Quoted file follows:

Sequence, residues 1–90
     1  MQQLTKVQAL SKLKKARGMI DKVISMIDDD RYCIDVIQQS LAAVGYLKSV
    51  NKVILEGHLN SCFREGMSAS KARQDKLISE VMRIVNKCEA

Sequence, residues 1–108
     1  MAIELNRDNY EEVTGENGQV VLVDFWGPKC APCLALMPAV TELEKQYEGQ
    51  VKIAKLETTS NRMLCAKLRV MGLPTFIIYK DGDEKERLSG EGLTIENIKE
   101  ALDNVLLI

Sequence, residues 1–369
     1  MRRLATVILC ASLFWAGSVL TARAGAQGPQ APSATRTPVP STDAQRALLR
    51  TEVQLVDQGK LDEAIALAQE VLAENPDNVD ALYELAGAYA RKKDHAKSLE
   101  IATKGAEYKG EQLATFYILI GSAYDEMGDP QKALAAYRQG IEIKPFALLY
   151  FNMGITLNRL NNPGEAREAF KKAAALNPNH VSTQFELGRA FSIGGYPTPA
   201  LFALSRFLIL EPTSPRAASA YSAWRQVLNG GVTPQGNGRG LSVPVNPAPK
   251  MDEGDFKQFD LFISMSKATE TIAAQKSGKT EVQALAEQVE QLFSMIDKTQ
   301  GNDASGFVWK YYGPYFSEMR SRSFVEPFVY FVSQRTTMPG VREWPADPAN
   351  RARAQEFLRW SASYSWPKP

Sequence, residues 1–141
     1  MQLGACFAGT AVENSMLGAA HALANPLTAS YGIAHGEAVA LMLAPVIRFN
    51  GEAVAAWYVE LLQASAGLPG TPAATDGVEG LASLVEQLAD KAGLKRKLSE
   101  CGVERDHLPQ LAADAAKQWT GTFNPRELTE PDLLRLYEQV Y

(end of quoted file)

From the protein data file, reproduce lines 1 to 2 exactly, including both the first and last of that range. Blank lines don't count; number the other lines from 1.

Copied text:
Sequence, residues 1–90
     1  MQQLTKVQAL SKLKKARGMI DKVISMIDDD RYCIDVIQQS LAAVGYLKSV